Nova Scotia

Liverpool Packet, sunk by Nazi U-boat, surfaces in new documentary

New research for a CBC documentary is shedding light on how a war-time attack on a Mersey Pulp and Paper ship sparked fears that the Nazis were invading Seal Island, N.S.

New Brunswick filmmaker Mike Burchill meets eyewitness to his father's WW II rescue on Seal Island

This 1941 painting by German artist Adolf Brock shows a U-boat sinking a British cargo ship. The crew of the Liverpool Packet suffered a similar fate, but the German captain spared their lives. (Shutterstock/Everett Historical)

New research for a CBC documentary is shedding light on how a wartime attack on a Mersey Pulp and Paper ship sparked fears that the Nazis were invading Seal Island, N.S.

As the Second World War raged around the world in late May 1942, the Liverpool Packet sailed off Nova Scotia's South Shore. Usually, the ship carried newsprint to U.S. ports for Mersey, but on this return trip it had military supplies bound for the American military base on Newfoundland.

A German U-boat spotted it shortly before 9 p.m. on May 30 and fired a torpedo. It hit, sinking the ship in three minutes. Two men died, but 19 survived and managed to get into a damaged lifeboat and a small dory.

The U-boat surfaced. The Canadians prepared to die.

'Nova Scotia is that way'

But they didn't die, says Rothesay, N.B., filmmaker Mike Burchill. One of the crew was wireless radio operator Howard Burchill — his father.

The captain of the Nazi vessel, Heinz-Otto Shaultz, instead made contact with Norman Smith, captain of the Liverpool Packet. After a "pleasant" exchange, Shaultz asked the crew if they knew where they were. "In broken English, he pointed toward Nova Scotia and said, 'Nova Scotia is that way,'" Burchill says.

The German captain let the men paddle away toward the unseen shore. They knew it well: Howard Burchill was from New Brunswick and Smith was a legendary figure on Nova Scotia's South Shore. Smith fought in both world wars, crossing the Atlantic 42 times, and later entered politics.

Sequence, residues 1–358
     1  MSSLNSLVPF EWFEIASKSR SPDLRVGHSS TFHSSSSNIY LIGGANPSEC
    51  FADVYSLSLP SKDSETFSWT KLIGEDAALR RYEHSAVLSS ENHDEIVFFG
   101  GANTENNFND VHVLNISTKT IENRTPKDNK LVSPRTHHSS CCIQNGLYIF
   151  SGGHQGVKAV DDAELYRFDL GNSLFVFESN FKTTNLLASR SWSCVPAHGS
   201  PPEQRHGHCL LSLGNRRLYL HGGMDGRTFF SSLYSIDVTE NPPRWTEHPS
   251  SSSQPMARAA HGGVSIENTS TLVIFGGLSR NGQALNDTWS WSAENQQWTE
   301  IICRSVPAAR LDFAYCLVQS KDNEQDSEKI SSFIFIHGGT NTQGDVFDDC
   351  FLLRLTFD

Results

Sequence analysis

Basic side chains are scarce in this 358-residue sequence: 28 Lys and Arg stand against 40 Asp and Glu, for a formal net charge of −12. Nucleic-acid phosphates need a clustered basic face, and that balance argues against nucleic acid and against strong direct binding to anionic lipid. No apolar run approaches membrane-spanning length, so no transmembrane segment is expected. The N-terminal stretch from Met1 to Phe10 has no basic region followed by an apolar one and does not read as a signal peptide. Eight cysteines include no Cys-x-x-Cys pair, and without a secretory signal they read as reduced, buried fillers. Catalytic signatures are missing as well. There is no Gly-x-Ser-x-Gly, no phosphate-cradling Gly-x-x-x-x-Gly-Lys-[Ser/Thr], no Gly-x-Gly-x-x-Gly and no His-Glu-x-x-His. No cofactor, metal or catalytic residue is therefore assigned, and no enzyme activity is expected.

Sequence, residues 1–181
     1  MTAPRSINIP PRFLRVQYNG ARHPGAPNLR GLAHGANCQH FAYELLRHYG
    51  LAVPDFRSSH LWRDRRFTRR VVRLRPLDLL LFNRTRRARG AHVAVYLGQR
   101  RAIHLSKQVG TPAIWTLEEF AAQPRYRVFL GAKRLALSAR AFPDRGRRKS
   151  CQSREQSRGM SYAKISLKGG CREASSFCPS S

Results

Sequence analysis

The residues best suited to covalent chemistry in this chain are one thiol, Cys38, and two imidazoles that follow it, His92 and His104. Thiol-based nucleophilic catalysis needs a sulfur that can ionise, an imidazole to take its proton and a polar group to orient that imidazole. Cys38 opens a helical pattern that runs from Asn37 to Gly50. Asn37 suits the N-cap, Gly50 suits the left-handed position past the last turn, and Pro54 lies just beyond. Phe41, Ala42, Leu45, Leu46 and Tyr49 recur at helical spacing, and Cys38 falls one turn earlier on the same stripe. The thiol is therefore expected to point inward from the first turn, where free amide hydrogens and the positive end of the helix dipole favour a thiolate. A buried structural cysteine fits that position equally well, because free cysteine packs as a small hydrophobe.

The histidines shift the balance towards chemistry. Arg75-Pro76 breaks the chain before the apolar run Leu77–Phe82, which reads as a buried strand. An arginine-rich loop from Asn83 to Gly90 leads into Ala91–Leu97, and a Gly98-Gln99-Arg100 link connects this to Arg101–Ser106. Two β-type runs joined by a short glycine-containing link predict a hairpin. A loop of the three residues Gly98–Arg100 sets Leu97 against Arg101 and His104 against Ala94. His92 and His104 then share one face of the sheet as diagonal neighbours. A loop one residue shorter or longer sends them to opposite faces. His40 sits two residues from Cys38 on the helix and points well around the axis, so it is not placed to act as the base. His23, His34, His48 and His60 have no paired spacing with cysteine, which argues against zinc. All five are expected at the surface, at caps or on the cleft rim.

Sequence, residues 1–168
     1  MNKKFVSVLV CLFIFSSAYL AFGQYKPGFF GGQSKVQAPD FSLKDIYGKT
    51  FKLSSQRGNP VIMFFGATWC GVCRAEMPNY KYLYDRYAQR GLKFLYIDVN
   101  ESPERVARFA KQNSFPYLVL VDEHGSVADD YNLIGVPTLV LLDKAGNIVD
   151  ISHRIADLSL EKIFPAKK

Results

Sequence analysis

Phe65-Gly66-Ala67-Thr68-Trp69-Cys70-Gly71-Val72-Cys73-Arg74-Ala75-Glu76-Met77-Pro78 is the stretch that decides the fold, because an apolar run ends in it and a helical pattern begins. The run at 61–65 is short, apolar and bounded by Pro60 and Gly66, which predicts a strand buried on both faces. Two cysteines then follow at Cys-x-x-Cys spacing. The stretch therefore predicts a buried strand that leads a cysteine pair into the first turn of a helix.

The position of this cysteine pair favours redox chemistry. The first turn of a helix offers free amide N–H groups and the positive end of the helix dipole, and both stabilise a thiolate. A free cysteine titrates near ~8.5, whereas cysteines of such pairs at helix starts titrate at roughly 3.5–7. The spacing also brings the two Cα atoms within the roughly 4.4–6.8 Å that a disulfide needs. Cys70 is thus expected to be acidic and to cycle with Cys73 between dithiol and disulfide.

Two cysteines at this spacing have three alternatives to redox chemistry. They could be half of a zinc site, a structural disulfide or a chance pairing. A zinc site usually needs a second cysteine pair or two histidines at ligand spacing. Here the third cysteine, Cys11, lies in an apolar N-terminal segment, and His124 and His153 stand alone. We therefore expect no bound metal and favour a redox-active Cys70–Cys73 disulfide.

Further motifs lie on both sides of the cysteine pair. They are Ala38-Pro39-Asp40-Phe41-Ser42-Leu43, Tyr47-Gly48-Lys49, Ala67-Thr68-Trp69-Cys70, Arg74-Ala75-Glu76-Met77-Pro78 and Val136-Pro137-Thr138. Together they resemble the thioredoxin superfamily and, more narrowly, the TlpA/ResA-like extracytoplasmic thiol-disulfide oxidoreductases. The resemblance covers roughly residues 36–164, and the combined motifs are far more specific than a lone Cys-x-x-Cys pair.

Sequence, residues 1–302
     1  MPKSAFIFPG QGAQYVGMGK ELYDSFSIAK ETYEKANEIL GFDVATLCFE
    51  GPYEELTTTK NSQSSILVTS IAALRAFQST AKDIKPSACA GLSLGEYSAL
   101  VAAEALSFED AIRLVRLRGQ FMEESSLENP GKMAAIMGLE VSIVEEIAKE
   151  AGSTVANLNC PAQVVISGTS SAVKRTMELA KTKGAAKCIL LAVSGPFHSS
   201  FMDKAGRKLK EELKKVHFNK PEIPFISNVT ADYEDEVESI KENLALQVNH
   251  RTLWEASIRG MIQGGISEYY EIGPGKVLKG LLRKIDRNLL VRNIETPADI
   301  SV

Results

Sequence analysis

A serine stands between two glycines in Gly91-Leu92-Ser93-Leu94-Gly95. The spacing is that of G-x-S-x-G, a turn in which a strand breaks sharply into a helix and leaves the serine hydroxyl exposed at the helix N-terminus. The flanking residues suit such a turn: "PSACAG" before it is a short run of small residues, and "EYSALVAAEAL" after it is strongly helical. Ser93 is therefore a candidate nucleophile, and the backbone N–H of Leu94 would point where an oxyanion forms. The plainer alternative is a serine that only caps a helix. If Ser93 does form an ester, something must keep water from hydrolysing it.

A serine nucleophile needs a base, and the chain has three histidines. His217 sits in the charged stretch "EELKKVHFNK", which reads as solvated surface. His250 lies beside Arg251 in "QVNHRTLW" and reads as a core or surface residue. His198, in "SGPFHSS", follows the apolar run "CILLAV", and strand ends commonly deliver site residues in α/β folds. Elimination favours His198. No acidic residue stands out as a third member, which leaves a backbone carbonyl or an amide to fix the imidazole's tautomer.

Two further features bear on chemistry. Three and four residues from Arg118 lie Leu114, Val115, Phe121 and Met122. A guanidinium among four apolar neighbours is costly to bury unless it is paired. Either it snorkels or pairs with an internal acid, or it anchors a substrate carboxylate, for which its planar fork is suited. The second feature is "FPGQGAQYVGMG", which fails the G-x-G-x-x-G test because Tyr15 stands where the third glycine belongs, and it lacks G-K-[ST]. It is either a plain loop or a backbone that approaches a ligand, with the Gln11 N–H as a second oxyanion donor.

In total, 12 of the 19 men were from the area.

Fears of a Nazi invasion

They paddled their lifeboats for 20 hours before a lobster fisherman and his sons spotted them. "He knew a lot of the people in the lifeboats because they were from his backyard," Burchill says. The fishermen pulled the sailors aboard and brought them to Seal Island, a remote community off the Yarmouth County coast.

Mike Burchill tells CBC's Information Morning Saint John that when he interviewed locals recently, he met Sheldon Simmons. Simmons was 14 at the time and part of one of about 20 families living on Seal Island. They had all heard the torpedo explosion the day before and were on edge.

"[Simmons] remembers being scared to death. He couldn't believe the Germans were landing on his island," Burchill says. "It was just pure fear that first hour they were on the island."

Once they got a closer look, they saw it wasn't Nazis but locals. They warmed them up and fed them seafood chowder.

The rescue story is well known on the South Shore, but Burchill didn't know about his father's wartime brush with death until 10 years ago when his uncle gave him the flashlight his father held as he abandoned the Liverpool Packet (it still works). That sparked his curiosity, and he dug deeper.

He's turning his research into a documentary that will air on Land and Sea this winter.


Jon Tattrie


Jon Tattrie is a journalist and author in Nova Scotia.